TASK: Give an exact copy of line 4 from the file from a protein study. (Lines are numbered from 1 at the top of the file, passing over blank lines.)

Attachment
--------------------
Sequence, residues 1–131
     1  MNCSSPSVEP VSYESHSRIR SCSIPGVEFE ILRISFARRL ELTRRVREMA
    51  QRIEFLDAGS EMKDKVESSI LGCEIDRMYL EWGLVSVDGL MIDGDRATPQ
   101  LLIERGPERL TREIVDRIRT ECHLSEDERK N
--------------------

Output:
   101  LLIERGPERL TREIVDRIRT ECHLSEDERK N